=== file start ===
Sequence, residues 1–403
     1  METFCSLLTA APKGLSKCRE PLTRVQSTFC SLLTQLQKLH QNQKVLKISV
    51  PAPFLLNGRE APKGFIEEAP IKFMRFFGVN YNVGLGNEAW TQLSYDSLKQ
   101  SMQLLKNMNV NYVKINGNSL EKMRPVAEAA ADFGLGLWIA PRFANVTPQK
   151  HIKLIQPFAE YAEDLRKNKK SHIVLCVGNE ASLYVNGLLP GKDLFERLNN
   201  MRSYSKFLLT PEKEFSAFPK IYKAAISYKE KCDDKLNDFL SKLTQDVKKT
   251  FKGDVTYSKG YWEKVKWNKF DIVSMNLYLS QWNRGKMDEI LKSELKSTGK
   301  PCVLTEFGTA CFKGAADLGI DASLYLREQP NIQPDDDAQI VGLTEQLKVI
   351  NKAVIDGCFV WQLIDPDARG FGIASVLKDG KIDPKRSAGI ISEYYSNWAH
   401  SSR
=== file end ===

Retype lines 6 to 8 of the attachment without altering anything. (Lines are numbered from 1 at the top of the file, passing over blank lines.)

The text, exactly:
   201  MRSYSKFLLT PEKEFSAFPK IYKAAISYKE KCDDKLNDFL SKLTQDVKKT
   251  FKGDVTYSKG YWEKVKWNKF DIVSMNLYLS QWNRGKMDEI LKSELKSTGK
   301  PCVLTEFGTA CFKGAADLGI DASLYLREQP NIQPDDDAQI VGLTEQLKVI